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Shallow Hal

Hal Larsen is a really shallow guy who only dates women with model physiques, until he unknowingly gets hypnotized into seeing people's inner beauty rather than their projected outward appearances.


Hal (Jack Black) spends most of his time with his sleazy friend Mauricio (Jason Alexander) in nightclubs, chasing women who basically look like supermodels. Ironic, considering Hal and Mauricio are both unattractive and devoid of personalities. In one of the film's funnier moments, Hal gets stuck in an elevator with self-help guru Anthony Robbins, who hypnotizes the shallow fellow into seeing people's inner beauty rather than judging them purely on looks. Shortly after, Hal falls for Rosemary (Gwyneth Paltrow), who he sees as skinny knockout rather than an obese woman. (Rosemary's inner beauty comes from being a Peace Corps volunteer who also helps out at the burn unit of the local hospital.) Annoyed that his best friend is dating a ''rhino,'' Mauricio convinces Robbins to remove the spell so that he can have his old judgmental buddy back. Hal is then left to deal with seeing Rosemary for what she physically is and confront his feelings for her.


In Shallow Hal, Paltrow (Bounce) makes a departure from her usual corseted roles, and was convincing as the shy, unconfident Rosemary. But most of the laughs come from seeing chairs collapse underneath Paltrow's supposed weight and getting a glimpse of her large purple thongs rather than her performance. The film also delivers many never before seen shots of Paltrow's crotch, whether it's of her bending over in skimpy lavender lingerie or falling off a collapsed chair in a dress with her legs flailing. Either way, we definitely see Paltrow in a different light. Black (Saving Silverman) is impressive playing the part of a guy who doesn't get that he's with someone obese. His confused reactions, like when Rosemary's end of a canoe outweighs his, are genuinely funny. Alexander (The Adventures of Rocky & Bullwinkle) is equally amusing with his painted on hair, but his character's neurosis parallel's Jerry Seinfeld's a little too much.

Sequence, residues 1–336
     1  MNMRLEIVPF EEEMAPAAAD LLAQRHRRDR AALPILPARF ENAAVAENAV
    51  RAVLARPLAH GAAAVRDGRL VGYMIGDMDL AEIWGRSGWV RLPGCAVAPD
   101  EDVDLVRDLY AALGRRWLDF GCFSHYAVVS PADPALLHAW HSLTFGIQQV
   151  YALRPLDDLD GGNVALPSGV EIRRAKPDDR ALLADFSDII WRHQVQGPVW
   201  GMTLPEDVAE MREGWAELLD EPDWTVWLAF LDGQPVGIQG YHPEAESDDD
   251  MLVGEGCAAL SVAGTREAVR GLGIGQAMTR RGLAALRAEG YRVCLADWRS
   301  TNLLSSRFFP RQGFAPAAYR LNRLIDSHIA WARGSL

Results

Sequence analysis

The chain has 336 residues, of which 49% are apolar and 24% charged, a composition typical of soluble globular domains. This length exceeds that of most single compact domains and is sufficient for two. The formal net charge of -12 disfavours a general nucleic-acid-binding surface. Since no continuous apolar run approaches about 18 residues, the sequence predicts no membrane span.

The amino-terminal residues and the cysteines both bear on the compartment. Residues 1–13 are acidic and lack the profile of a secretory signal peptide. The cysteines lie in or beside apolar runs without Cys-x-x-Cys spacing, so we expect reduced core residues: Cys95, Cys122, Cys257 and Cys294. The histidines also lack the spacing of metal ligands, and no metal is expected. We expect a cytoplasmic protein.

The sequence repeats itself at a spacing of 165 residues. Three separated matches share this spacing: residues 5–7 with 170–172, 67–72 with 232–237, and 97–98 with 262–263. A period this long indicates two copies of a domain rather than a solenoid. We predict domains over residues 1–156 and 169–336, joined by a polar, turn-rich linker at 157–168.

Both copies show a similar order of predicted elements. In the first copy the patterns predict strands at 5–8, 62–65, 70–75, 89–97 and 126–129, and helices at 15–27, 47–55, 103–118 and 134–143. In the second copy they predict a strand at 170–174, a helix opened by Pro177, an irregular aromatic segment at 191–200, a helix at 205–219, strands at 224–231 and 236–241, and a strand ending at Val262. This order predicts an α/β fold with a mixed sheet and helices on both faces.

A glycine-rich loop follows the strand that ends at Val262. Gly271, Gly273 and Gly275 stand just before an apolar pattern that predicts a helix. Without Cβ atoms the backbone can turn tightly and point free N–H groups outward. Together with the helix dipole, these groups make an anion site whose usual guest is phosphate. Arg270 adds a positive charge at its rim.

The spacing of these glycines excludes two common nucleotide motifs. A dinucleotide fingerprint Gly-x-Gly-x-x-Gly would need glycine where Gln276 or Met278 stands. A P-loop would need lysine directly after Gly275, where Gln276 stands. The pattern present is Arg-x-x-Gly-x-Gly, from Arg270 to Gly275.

Directors Bobby and Peter Farrelly move away from their usual gross-out comedies like Dumb and Dumber and attempt a more heartfelt picture, hoping to make people laugh and cry. Shallow Hal however, does not succeed on either levels. The film is constantly driving home the point that it's wrong to judge people based on their looks, but then derives most of the laughs from people's appearances. At one point, Mauricio explains that Rosemary has ''cankles,'' an anatomical appendage that happens when someone is so fat that their calves hang down over their ankles. Sure, it's hysterical, but are we supposed to laugh or become conscience-stricken? If it is at all possible to fuse politically incorrect humor and sensitivity, it doesn't happen in this film. And while Paltrow has said she believes Shallow Hal will challenge the audience's perception of fat people, it probably won't.

Bottom Line

Shallow Hal is not the knee-slapper audiences have come to expect from the Farrelly brothers, but has some clever lines and a sweet, albeit clichéd, moral.